Shift Light Exposure

Regulate your exposure to both natural sunlight and that digital blue light of phones and other screens. You can adjust the light in your home to match the time zone of your intended destination. Use room darkening shades to convince your body it’s time to sleep when you’re adjusting your sleep times.

Jodi Ettenberg, of Legal Nomads, swears by JustGetFlux which limits exposure to blue light allowing you to continue to work in the evenings without eye strain and matching your computer screen to the light of the room in which it’s located. This can help in adjusting to the new time zone you find yourself in.

Time Your Meals

Shift your meal times and types to match your destination. That might mean having breakfast for dinner, lunch at snack time, and dinner when you land, event though your body thinks it’s morning. Adjusting your physical rhythms as quickly as possible during your journey will make jet lag easier upon arrival.

Choose Your Seat Wisely

Depending on your flight preference, height, and comfort level, different seats work for different travelers. Of course, first or business class would always be preferable to allow our bodies to lie down and rest, but budgets, flights, and flexibility of travel do not always allow for that luxury. Select the best seat for you.

Want to lean – grab a window. Like to be able to have easy access to move – choose an aisle. Need extra legroom but don’t want to pay the hefty fees – see if you can get a bulkhead row.

If flying Air New Zealand, give their Skycouch a try – it’s a little extra cash, but not as pricey as a shift in seat class.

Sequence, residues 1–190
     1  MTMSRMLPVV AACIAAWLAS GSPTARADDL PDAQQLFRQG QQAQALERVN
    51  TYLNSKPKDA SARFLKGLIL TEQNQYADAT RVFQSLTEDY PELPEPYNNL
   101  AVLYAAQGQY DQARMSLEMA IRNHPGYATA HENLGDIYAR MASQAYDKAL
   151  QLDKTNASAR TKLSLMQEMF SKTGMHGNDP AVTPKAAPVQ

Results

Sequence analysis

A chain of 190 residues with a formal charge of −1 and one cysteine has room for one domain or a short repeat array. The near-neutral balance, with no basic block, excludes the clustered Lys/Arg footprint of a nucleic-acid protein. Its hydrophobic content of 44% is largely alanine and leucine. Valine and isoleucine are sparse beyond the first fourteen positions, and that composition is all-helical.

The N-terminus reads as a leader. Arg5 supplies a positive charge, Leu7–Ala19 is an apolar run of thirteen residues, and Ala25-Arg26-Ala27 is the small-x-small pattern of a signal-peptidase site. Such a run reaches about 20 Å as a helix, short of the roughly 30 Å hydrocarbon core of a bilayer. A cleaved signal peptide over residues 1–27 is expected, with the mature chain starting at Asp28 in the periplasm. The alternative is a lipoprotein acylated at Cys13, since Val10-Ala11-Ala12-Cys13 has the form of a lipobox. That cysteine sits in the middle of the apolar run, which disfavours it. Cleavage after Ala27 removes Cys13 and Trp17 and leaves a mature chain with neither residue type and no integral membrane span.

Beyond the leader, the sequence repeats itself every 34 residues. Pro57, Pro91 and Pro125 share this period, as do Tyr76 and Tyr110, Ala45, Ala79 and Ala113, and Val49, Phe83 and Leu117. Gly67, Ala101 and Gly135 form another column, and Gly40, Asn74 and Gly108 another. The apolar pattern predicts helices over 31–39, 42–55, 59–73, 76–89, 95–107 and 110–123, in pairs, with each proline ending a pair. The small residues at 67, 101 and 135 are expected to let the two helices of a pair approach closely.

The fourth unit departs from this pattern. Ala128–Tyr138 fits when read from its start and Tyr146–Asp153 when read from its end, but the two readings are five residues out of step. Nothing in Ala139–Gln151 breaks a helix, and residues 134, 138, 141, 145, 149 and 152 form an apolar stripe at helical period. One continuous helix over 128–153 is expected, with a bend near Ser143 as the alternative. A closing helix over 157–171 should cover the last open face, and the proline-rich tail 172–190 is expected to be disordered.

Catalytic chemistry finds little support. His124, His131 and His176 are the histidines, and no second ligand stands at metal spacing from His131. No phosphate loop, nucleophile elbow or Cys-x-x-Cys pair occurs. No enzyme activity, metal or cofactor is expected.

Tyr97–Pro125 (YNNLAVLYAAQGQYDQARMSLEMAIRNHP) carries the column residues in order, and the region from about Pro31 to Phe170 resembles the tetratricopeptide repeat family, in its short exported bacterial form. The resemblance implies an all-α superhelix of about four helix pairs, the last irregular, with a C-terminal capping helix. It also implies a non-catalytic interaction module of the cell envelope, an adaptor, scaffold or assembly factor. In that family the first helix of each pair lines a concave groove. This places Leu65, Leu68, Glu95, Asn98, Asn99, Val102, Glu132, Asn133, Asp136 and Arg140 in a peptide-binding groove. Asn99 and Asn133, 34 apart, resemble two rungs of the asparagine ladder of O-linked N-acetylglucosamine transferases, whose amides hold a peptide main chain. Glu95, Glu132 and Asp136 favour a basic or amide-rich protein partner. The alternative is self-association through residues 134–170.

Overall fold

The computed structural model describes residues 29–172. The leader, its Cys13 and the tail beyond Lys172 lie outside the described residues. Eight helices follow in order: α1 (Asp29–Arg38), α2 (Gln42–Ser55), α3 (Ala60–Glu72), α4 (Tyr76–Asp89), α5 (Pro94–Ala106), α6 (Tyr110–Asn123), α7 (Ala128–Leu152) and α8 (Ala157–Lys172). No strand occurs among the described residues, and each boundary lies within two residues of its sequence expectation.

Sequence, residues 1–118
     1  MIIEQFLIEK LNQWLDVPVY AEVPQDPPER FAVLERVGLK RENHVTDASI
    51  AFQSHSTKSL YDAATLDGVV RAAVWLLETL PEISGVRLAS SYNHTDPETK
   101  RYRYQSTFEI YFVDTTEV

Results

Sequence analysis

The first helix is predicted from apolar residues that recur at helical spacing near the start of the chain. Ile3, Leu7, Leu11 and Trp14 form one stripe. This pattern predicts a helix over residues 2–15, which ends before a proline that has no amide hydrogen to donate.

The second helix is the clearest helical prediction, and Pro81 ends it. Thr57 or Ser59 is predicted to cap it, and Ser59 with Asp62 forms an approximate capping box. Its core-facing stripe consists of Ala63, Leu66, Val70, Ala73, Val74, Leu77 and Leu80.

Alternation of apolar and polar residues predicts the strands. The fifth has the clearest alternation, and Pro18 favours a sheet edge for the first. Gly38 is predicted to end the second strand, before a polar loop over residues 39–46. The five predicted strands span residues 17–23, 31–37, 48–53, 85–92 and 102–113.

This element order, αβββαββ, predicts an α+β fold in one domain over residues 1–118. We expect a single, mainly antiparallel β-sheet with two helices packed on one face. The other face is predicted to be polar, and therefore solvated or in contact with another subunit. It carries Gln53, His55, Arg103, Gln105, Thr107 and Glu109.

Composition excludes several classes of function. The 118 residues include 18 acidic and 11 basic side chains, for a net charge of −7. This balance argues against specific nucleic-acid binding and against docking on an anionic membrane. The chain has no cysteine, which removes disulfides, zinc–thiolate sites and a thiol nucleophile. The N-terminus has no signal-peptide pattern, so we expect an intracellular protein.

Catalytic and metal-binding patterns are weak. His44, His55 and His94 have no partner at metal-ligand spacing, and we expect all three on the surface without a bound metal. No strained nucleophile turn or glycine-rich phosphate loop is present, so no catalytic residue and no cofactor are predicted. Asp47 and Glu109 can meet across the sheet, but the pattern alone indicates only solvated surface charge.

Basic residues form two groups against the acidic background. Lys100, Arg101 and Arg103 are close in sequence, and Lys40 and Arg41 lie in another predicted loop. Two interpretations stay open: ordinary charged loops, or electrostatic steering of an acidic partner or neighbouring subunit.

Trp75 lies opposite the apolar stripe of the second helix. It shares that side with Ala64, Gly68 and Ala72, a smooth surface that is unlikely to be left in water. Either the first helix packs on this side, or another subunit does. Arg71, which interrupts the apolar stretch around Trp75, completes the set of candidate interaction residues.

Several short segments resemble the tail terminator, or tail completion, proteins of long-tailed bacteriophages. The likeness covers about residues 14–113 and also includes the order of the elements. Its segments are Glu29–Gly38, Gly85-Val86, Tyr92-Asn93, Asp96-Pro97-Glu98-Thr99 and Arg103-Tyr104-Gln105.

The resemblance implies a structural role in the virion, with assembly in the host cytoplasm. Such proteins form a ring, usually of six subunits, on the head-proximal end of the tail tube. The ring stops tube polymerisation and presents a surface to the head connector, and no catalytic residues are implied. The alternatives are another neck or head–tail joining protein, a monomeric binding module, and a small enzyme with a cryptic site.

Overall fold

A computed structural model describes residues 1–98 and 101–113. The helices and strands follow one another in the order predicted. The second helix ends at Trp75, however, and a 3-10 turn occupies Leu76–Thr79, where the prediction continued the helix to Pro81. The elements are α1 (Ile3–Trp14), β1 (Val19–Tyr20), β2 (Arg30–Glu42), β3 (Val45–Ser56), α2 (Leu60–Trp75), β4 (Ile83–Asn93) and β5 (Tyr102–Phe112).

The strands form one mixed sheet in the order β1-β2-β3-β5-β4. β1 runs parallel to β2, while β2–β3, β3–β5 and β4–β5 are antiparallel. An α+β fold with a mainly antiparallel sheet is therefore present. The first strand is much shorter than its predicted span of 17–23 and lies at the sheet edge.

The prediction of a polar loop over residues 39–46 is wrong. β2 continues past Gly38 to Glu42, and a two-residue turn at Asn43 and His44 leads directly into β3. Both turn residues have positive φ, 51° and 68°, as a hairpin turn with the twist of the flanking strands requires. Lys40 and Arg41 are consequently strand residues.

Select Your Aircraft

Some airplanes are actually designed to help passengers reduce jet lag. Give the Airbus A350 or Boeing 787 Dreamliner a try. Apparently, these planes are specially designed to help travelers shift that jet lag faster. The design of these aircraft include higher level humidification and air purification systems, bigger windows to let in more light, and higher ceilings to make moving around easier.

Jet Lag Treatment

So you’re suffering from jet lag. What can you do about it? There are ways to lessen the effects, shorten length of the process, or eliminate it altogether. If, in spite of prevention measures, you’re suffering from jet lag, here are some things you can to do mitigate the effects.

Arrive Early, Get Sunshine

If you can swing it, try to arrive early in the day at your destination. If it’s super early, sure, you can grab a few winks to regulate your body clock but then do your best to power through the duration of the day. Get as much natural sunlight as you can. Resist the urge for that afternoon nap and stay up as late as possible to begin to shift your timing to your new spot.

Plan a Stopover Two to Split the Jet Lag